After the annealing process, the SiO2 was removed using a HF/H2O rinse with a ratio of 1:10. Subsequently, a photoresist was spun on the wafer surface, and the stripe patterns of the ridge waveguide (RWG) structures were defined after UV exposure and photoresist developing. This was followed by wet chemical etching (H3PO4/H2O2/DI = 1:1:5 with an etch rate of approximately 1.2 μm/min) to define the ridge height. After the wet-etching process, the remaining photoresists that acted as etching masks were removed using acetone. The next step was the planarization step. This step involved spin coating of bisbenzocyclobutene (BCB) monomers. The BCB helped to flatten out the sample surface and acted as a passivation step. The waveguide sides that had been coated with BCB also helped to reduce capacitance in high-speed measurements. The etch-back step was then applied to reduce this BCB layer until the waveguide layer was exposed again. Note that this method was preferred over the alternative method of defining photoresist pattern. This was because the RWG EAM devices had heights of approximately 1.2 μm; hence, higher chances of misalignment and poorer yield would be expected if the latter method (i.e., defining photoresist pattern) was employed. The wafer was then lapped down to approximately 100 μm before electron beam evaporation of both p-type and n-type ohmic contact layers. It is worth highlighting that the metallic p-pad, which was needed for probing or wire bonding, was designed to be as small as possible (80 × 80 μm2 in this case). This is because it contributed to the parasitic capacitance and was thus detrimental to the modulation bandwidth of the EAM devices. Finally, the wafer was cleaved into a ridge length of 1,700 μm (i.e., 1.7 mm) for device characterization. For higher yield and easier coupling purposes, the widths of the waveguides fabricated (WG width) were set at 7 μm. The effective index for a 7-μm-wide rib waveguide with an etch depth of 1.2 μm is approximately 3.325 and is still sufficiently narrow to hold single-mode propagation as shown in the simulation in Figure 1 (bottom left). However, careful alignment and cleaving was still necessary in order to avoid exciting higher order modes . Although in actual fabrication the etch depth is 1.4 μm, 0.2 μm has been omitted in this simulation because that is for the GaAs contact layer of higher refractive index and sufficiently far away from the inserted light source that it need not be included when simulating the mode propagation. The microscopic plan view of the QD-EAM devices that were designed as basic top-bottom p-i-n elements as illustrated in Figure 1 (bottom right). The pad sizes of the devices are approximately 80 × 80 μm2 which is sufficiently large for probing and wire bonding purposes but small enough to avoid inducing additional capacitance to the device.
Results and discussion
A good indication of the single-mode propagation obtained was by observing the single-mode Fabry-Perot (FP) spectrum as shown in the inset of Figure 3. The calculated propagation loss based on the respective FP spectra was 4.0 dB/cm for AG, 3.7 dB/cm for 600A, and 3.0 dB/cm for 750A at the wavelength range of 1,308 to 1,315 nm. The improvement in the propagation loss indicated the diffusion of the QD layers and an unintentional passivation of the device. When measuring the propagation loss, shorter waveguides from the batch of devices were cleaved instead of using actual DUTs. This was because longer devices will give much finer mode spacing, and this would result in less accurate data.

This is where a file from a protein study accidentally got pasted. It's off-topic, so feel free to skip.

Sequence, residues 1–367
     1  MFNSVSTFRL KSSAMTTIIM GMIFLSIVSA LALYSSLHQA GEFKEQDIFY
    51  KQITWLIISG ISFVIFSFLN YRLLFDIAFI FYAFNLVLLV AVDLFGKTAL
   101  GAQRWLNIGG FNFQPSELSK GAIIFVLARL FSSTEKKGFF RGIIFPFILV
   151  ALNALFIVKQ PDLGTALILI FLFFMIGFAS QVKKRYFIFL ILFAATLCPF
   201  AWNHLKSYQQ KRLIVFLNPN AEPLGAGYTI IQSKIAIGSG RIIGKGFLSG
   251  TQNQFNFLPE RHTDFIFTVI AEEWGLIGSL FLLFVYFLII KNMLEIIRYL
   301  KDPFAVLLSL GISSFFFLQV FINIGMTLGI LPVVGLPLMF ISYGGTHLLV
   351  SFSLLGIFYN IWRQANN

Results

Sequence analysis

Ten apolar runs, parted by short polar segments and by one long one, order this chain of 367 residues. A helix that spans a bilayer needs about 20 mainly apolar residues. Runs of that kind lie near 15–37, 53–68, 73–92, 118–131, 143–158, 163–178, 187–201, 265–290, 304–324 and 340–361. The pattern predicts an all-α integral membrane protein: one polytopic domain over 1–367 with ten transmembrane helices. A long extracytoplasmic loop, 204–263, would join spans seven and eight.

Note that although the DC extinction ratio of 600A (750A) was reduced to less than 70% (30%) of its original modulation ability, RF measurement on the devices was still possible due to lower propagation loss after annealing. The 3-dB bandwidth of both 600A and 750A is approximately 1.6 GHz. Noting that these are preliminary RF results, similar frequency responses of approximately 1.6 GHz for both 600A and 750A might be due to the non-optimized WG structures and RF matching. That is, the obtained RF performance was limited by the device design and not by the QD materials. Therefore, we believe that an improvement in the high-speed performance will be expected following the optimization of QD waveguide design and improved RF matching.
The realization of RF measurement on the processed (annealed) lumped-element QD-EAM confirms the prospect of QD epiwafer in monolithic integration for future references. By applying low-cost intermixing, such integration will have low insertion loss and polarization-independent properties . This is because the integrated devices would actually be made from the same epilayers unlike other types of integration. Therefore, the EAMs would naturally be tuned to the same polarization as that of the emitted radiation from the corresponding QD lasers, and improved extinction ratio may even be observed due to the improved absorption strength of the same platform that integrated devices share.
In this work, we investigated the effects of annealing on the static and dynamic performances of lumped-element QD-EAM operating at the wavelength of 1.3 μm. The extinction ratio at −8 V (propagation loss) for the as-grown, 600°C, and 750°C DUTs was found to be 10 dB (4.0 dB/cm), 7 dB (3.7 dB/cm), and <3 dB (3.0 dB/cm), respectively. Hence, both the extinction ratio and the insertion loss decrease upon increase in annealing temperature. Most significantly, the 3-dB response of the 750°C-annealed lumped-element QD-EAM was found to be 1.6 GHz at zero reverse bias voltage. This suggests a cost- and design-effective solution to enhance transmission and will be beneficial for researchers working on the implementation of QD-EAMs in monolithic integration through the intermixing process method.
This work was supported in part by the DSTA Defense Innovative Research Project (POD0613635).